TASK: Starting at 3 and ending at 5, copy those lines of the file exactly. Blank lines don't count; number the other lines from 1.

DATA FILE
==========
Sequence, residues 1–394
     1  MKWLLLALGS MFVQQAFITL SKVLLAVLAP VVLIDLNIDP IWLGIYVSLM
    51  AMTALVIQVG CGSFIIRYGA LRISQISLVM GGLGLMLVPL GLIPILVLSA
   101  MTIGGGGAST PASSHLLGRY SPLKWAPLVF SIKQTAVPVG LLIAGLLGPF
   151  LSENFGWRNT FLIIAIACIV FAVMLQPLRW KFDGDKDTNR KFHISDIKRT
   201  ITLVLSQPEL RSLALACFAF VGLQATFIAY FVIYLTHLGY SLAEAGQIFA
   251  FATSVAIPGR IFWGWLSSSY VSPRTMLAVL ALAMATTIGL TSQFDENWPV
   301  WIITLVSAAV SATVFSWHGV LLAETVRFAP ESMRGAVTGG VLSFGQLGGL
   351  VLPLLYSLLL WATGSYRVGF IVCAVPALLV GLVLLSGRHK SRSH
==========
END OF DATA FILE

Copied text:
    51  AMTALVIQVG CGSFIIRYGA LRISQISLVM GGLGLMLVPL GLIPILVLSA
   101  MTIGGGGAST PASSHLLGRY SPLKWAPLVF SIKQTAVPVG LLIAGLLGPF
   151  LSENFGWRNT FLIIAIACIV FAVMLQPLRW KFDGDKDTNR KFHISDIKRT